"Having somebody on the team to relate to and talk to about daily life, having someone you can lean on and support, brought a sense of community I needed as a transfer student," said Ivey, whose high-water mark as an MC archer took place in last fall's USA Archery Collegiate 3D National Tournament in Foley, Alabama, where he hit 16 targets. He said participating on the archery team has had practical benefits, too.
"It's helped me fix what's wrong with my hunting bow, fixed my form, and taught me to be patient. As a team, I think we're improving. All of us are getting our scores up competitively. A good number of our teammates are doing it - not just a few standouts. I feel like our team is on its way."
After the Lancaster tournament, a different group of eight Blue and Gold archers competed in the Vegas $hoot in Nevada from Feb. 3-6. Billed as "the largest and most prestigious indoor archery tournament in the world," about 4,000 archers from all levels competed in the open tournament.
"It was a stiff, international competition that featured several shooters from other countries," McDonald said. "Our archers shot right along where they had been shooting in practices. By the end of the tournament, they were all shooting back up to par."
While none of MC's archers made the podium in that tournament, McDonald said several did turn in noteworthy performances. Among those were Ann Mabry Dean, who spent much of the shoot in third place until faltering late and finishing fifth; Abigail Veidmark, who proved to be a threat throughout the competition; Dalton Moore, who made a strong comeback from a slow start, shooting 294/300 on the last day; and Jack Thomas Spears and Ben Spears, who each scored well.
"While we didn't have anybody to place, some archers did very well in their flights," McDonald said.
Top 10 finishers in their respective divisions at the Vegas $hoot included: Veidmark, tenth, Female Compound; Jack Thomas Spears, fifth, Male Bowhunter; Lexie Harris, seventh, Female Barebow; Dean, fifth, Female Bunter; and Zeke Harris, seventh, Male Bowhunter.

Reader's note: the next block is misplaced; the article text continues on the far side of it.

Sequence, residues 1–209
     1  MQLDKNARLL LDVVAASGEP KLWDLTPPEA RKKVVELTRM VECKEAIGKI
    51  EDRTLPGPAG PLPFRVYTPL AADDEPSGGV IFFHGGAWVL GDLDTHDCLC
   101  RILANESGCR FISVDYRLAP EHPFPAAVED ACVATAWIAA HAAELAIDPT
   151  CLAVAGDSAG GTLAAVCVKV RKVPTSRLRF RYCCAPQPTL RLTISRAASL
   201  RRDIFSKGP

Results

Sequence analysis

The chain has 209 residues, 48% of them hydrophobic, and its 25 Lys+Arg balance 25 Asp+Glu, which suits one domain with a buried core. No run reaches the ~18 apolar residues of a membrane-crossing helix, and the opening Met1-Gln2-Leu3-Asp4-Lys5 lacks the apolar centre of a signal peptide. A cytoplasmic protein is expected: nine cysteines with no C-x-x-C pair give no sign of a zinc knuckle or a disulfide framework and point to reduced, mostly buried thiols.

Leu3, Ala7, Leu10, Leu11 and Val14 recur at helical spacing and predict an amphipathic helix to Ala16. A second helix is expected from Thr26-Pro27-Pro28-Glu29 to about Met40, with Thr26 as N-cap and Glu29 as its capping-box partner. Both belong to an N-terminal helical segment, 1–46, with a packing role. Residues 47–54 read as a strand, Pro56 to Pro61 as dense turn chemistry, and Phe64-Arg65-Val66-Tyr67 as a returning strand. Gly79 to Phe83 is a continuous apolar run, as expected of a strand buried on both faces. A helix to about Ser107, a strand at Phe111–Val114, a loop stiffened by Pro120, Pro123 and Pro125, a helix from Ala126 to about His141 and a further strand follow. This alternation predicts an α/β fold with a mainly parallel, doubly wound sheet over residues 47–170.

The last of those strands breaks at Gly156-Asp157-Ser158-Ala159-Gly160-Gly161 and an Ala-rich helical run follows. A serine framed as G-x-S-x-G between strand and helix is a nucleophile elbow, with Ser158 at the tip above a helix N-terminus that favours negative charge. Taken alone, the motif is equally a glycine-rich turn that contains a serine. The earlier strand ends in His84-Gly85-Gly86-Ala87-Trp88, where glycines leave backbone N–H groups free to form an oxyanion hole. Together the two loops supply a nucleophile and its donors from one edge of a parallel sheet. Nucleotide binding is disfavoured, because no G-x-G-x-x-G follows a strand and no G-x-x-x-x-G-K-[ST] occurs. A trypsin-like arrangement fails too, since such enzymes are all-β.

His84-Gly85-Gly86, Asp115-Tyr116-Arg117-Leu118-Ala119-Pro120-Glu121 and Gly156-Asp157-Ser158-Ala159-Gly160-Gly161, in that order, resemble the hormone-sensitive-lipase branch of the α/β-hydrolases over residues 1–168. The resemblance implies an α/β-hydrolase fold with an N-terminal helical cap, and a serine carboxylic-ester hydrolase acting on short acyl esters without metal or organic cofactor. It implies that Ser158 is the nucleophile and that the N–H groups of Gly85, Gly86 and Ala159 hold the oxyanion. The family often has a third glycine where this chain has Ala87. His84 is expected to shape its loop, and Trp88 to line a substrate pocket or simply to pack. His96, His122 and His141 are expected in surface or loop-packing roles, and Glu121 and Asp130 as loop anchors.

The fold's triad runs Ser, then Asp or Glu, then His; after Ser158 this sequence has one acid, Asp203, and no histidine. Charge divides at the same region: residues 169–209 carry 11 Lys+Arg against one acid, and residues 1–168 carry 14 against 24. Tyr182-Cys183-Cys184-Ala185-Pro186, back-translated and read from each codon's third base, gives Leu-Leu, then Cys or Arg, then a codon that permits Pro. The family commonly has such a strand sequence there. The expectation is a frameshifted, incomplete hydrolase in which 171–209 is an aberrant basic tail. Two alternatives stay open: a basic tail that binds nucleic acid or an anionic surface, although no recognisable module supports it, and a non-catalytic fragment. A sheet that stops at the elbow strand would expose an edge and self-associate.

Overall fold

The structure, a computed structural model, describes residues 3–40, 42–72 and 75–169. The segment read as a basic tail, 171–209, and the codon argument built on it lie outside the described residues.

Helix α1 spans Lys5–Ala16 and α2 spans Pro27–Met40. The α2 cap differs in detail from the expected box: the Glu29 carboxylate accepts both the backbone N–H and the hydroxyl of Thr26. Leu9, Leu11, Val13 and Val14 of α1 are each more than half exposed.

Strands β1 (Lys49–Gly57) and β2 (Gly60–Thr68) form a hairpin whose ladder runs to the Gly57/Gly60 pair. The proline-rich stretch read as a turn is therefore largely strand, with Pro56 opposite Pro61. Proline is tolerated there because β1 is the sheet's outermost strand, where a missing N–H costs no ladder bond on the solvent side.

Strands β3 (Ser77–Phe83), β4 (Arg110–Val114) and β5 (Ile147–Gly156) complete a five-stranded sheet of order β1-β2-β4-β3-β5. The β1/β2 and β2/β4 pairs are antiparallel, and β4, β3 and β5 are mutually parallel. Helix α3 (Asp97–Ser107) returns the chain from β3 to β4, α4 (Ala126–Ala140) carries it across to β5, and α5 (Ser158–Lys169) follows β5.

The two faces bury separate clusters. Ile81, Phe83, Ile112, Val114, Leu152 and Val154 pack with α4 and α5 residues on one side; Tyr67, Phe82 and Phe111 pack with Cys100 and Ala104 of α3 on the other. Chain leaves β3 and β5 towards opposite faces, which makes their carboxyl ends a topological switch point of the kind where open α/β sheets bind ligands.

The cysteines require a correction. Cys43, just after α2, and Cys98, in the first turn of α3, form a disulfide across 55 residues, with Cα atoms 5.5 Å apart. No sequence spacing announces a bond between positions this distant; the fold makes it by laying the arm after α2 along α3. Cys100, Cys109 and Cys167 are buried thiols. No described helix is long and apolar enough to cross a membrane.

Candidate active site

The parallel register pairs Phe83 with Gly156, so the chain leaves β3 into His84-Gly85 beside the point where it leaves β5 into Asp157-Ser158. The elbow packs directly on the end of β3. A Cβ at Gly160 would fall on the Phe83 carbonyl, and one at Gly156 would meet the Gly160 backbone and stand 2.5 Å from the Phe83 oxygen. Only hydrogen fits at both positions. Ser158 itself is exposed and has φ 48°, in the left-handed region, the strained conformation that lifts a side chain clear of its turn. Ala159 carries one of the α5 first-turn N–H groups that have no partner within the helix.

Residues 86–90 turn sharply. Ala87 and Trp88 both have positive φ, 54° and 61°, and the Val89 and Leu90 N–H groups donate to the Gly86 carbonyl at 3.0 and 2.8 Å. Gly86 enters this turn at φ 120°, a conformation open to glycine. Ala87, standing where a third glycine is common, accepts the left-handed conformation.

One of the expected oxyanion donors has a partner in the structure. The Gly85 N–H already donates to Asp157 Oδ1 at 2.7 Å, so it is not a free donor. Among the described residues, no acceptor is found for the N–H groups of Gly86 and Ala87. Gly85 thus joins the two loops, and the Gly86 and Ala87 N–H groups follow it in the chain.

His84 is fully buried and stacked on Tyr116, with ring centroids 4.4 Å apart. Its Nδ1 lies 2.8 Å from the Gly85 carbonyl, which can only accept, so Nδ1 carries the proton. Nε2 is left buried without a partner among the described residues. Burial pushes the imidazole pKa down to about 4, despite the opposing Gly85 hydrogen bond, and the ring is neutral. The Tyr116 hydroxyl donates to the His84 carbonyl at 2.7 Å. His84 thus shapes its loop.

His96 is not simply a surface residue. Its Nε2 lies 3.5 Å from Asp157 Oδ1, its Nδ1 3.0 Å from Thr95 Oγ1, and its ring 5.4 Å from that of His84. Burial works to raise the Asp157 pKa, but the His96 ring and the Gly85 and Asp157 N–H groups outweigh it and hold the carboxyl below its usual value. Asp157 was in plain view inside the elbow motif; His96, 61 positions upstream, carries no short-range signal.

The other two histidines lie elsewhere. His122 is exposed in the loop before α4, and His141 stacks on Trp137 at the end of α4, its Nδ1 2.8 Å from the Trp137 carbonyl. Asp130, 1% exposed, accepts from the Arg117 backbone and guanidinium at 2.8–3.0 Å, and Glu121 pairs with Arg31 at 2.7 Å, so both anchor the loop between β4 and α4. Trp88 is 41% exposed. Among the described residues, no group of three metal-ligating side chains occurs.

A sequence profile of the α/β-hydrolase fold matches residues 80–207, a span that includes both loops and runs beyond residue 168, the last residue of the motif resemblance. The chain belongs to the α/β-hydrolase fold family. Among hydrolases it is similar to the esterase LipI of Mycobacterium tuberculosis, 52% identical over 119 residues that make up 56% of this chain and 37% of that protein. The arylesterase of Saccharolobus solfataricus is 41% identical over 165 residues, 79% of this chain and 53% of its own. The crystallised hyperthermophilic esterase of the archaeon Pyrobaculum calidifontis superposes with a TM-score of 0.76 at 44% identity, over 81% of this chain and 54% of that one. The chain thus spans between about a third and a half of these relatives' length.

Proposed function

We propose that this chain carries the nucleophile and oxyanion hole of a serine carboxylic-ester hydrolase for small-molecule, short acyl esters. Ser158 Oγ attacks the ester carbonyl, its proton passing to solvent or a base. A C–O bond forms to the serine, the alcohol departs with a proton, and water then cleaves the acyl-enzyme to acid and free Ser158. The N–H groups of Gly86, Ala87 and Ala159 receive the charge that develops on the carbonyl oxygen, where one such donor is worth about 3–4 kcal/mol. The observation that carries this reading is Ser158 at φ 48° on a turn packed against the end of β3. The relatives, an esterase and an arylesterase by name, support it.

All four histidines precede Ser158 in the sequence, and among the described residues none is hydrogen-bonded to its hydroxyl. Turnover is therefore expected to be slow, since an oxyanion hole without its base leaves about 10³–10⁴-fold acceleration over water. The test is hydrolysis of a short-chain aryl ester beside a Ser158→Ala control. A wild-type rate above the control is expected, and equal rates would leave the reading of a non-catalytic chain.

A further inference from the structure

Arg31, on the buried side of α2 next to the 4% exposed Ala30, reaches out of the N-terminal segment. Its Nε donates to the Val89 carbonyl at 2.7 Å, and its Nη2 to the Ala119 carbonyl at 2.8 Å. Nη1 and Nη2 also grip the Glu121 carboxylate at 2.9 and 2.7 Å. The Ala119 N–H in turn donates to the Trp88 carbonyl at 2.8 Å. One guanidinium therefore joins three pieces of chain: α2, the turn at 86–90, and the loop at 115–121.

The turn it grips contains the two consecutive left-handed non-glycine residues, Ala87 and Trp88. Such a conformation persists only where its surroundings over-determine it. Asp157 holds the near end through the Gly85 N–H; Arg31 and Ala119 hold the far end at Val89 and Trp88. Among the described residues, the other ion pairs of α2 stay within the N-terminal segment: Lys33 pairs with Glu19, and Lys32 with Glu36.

Between practices, the archers enjoyed another bonding opportunity, taking a sightseeing tour of the Grand Canyon.
The MC Archery team saved its best performance for the Mississippi Indoor State Championship at the MDWF Archery Center on March 5. Blue-and-gold archers swept the Women's Bowhunter Division, with Miceli finishing in first place, Carraway in second, and Dean in third. Lexie Harris took first place in the Women's Barebow Division, while Abigail Vanmark finished first in the Women's Compound Division. Jack Thomas Spears took first and Zeke Griffin second in the Men's Bowhunter Division, and Dalton Moore placed third in the Men's Compound Division. Reed Ricks (Men's Bowhunter Division), Ivey, and Ben Spears (Men's Compound Division) also turned in Top Five performances.
McDonald said the experience his archers have gained this year will serve them well in the future.
"We had a second-place finish in the national 3D tournament last fall, and the first- and second-place finish in the national indoor tournament at Lancaster made for a good year," McDonald said. "We had a relatively young team this year, and they've held their own well.
"I'm looking forward to seeing them progress next year."
Mississippi College, affiliated with the Mississippi Baptist Convention, is a private, co-educational, Christian university of liberal arts and sciences serving more than 4,100 students from approximately 35 states and more then three dozen countries. Founded in 1826, MC is the oldest institution of higher learning in Mississippi, one of the largest private universities in the state, and America's second-oldest Baptist college. MC offers 84 areas of undergraduate study, 45 degree programs in graduate studies, more than 10 certificate programs, two educational doctoral degrees, a doctor of jurisprudence, and a doctor of professional counseling. MC seeks to be a university recognized for academic excellence and commitment to the cause of Christ.